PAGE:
From My Mailbag: Can you give me some overview thoughts on the “sex talk” with your kids? What are some things I should think about?
This is a relevant question. Thanks for your request for some “overview” thoughts. Blog posts don’t typically lend themselves to worthy topics and your question is most certainly a worthy one. Here are a few things to think about . . .
As you know, you treat each kid differently. Why? Because they are different. Our three kids are (approximately) two years apart: a girl, a boy, and girl. They are wonderfully made by God but they are quite different from each other in significant ways; therefore, my approach to each child is different.
As you can imagine, it would depend not only on whether my children are Christians, but where they are in their relationship with God. Unbelieving children will not be able to grasp the sex talk in its fullness because they do not have the governing effect of the Bible or the empowering effect of the Spirit to illuminate and guide them.
If they are believers, then their spiritual maturation will be at different places. Some children are further along in their relationship with God than others, and there are always “capacity” issues that come into play: some children have a greater capacity to grasp certain concepts while others will struggle. Some kids get math. Some kids hate math. We must be discerning and patient with them.
An Ongoing Discussion
We began having the “sex talk” (so to speak) with our children shortly after they were born. Our approach to the subject is more along the lines of the slow train coming out of the station rather than “hitting” them with it at a certain age. I don’t want “the talk” to be disconnected from our on-going, transparent relationship. I realize this is not possible for families who have not been proactive, but it is a better approach. No matter where you are with your kids, you can begin an on-going and transparent relationship.
I would encourage you to think through how you can embed the “sex talk” within the context of doing life rather than making it a highlighted event at a certain age. It should be part of our on-going care for our kids, and in such cases, the uniqueness of the conversation loses its edge.
If the “talk” is in the context of a life lived with a relational family in which the dad is leading (wherein there are many talks all along the way), then you’re ahead of the game.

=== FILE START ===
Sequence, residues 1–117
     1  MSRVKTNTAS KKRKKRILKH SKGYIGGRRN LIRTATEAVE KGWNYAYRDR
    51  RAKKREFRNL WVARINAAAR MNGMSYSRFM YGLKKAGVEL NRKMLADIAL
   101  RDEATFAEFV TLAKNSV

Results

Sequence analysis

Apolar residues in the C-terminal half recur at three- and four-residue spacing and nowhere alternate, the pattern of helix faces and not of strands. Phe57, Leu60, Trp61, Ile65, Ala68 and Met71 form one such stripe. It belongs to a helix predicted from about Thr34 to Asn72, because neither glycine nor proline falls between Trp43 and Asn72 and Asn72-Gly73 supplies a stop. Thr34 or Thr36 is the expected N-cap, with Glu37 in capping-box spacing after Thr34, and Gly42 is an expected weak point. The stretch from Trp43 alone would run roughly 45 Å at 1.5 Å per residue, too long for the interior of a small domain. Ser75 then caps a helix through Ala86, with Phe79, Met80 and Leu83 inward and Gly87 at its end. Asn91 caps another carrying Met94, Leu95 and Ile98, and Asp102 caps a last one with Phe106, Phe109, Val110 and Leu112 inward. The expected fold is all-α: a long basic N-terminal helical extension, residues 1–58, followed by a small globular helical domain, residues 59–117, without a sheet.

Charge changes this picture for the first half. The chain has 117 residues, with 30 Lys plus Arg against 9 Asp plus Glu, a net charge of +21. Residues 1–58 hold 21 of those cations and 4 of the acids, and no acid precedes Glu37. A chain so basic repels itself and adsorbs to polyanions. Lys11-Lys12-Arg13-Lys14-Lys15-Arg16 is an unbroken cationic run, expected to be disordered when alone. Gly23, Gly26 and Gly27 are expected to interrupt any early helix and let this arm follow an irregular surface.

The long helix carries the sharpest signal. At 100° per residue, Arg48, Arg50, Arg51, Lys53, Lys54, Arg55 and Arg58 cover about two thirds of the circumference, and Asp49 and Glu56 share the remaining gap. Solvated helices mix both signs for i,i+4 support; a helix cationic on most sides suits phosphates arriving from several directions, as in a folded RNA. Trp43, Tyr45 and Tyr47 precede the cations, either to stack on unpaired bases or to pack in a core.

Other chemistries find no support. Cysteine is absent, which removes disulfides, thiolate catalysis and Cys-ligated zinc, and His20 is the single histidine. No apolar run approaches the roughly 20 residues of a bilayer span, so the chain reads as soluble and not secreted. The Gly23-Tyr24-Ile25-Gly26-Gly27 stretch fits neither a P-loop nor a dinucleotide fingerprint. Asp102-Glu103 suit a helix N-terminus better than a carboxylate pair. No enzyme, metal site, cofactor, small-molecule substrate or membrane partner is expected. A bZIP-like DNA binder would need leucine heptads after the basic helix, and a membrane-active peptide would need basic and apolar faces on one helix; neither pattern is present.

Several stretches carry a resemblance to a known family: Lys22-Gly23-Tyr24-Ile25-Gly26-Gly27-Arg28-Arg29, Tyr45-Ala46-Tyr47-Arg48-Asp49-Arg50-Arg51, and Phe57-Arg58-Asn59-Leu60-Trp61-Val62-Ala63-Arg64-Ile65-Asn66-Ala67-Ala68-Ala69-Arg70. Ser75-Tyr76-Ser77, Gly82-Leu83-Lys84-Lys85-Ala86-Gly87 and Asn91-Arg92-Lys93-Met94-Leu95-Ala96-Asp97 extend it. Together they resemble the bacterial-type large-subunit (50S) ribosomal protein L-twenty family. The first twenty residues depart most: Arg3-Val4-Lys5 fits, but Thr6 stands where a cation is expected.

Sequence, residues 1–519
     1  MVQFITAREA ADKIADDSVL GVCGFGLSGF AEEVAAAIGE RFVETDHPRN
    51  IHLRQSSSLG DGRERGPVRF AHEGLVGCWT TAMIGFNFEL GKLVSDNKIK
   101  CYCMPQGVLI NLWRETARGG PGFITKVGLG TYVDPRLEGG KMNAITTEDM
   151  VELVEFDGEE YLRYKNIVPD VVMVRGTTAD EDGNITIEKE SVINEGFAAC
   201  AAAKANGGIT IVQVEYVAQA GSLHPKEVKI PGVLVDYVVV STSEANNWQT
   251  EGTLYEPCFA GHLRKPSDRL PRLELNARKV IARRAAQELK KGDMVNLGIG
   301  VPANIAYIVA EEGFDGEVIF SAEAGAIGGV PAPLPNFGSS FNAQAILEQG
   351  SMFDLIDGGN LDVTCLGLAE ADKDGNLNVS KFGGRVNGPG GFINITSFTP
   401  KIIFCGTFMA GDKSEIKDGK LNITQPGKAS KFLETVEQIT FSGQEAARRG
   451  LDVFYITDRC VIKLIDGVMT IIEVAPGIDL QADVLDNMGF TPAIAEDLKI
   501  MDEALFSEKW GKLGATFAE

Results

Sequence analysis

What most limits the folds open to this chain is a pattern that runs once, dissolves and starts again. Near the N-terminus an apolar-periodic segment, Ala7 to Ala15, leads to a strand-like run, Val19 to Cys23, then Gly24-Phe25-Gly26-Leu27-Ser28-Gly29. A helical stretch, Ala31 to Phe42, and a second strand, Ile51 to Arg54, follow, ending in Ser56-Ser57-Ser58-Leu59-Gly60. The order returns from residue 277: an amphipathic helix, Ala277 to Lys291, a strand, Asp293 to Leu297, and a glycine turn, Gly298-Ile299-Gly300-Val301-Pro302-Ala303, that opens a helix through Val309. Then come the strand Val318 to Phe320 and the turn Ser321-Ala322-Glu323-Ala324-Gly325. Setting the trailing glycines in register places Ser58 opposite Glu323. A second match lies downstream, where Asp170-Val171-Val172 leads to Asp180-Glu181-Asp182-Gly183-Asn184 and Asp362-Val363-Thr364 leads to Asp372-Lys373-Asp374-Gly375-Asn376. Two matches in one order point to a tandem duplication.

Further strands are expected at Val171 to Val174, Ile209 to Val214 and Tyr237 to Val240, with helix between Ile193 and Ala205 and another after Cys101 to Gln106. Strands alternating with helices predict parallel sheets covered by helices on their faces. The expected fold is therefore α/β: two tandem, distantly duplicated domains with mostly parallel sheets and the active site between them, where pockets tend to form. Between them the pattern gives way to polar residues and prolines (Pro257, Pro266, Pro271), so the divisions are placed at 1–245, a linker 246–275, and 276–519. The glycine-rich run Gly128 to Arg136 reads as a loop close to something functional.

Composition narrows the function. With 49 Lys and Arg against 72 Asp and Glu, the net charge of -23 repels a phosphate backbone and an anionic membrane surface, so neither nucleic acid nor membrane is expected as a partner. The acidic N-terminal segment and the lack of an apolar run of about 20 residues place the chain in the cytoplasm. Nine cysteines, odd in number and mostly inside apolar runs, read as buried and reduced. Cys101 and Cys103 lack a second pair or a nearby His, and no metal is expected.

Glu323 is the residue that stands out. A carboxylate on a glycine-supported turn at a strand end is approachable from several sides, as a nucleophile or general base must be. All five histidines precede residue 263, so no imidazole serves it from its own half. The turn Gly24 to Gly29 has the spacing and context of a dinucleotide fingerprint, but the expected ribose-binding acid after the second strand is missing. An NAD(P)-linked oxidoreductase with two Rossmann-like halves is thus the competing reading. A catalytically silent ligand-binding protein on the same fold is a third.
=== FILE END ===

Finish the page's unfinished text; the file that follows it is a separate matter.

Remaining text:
If your kids are older and a context has not been established, then I’d recommend you chat with your church leadership about how to get your home in line with Scripture. Here are some things we are currently doing to prepare them for the “talk.”
I would recommend the dad lead the home and train the kids to take their lead from him. The dad should be setting the trajectory for sex and sexuality from a complementarian worldview. The children should not first hear “the talk” outside of a context that is other than complementarian. The ideal is, when your kids get married, they will not only be prepared for specific sexual issues, but these issues can be worked out within a complementarian context, assuming they marry a Christ-centered Complementarian.
Call It What It Is
I do not recommend that parents use “kiddo” synonyms to communicate anatomical body parts. We call them what they are, not using slang of course. My son doesn’t have a “pee-pee.” Rather, we use the biologically correct language. He has a penis and it is not weird for him to mention it appropriately if he needs to describe something going on with his penis. It is what it is. He calls a cup a cup, a book a book, and his penis his penis.
I’m not sure of the reasoning for using “kiddo” language or pet-names. I don’t want children to feel insecure or feel like it is taboo or silly or giggly when they use real words. And as my children get older (hopefully) the correct language will be seamless in their thoughts, whether we’re having “the talk,” or they are sharing intimate thoughts with their spouses.
Unfortunately, in some circles of Christianity, there is such a taboo on sex (or weirdness) that as adults our sexual activity is awkward, shy, and, quite frankly, unfulfiling.
Sin and Sex
Make sure you give your kids a full, robust understanding of sin and how it works out in their personal lives, your family, and your culture. This way they are not learning the right and wrong of a particular “sex speech” outside of an understanding of the doctrine of sin. In other words, “the talk” won’t be the only time they hear a good and bad way of doing things.
This way you won’t over-highlight “the talk” as being unusually special, but just another thing they have to view through the lens of scripture. It won’t be an isolated talk, but just another talk like the thousand other ones you have had by the time they get to “the talk.”
You should be confessing your sin(s) to your children and asking for their forgiveness. Sin should be talked about regularly in the home, when it is being committed. In our home it is committed everyday, so we are talking about it everyday with everyone in the family. There should always be sin, confession, forgiveness, and reconciliation going on in the home.
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Also, check out this tool for parents: Passport to Purity, a tool kit for a getaway with your teen or pre-teen.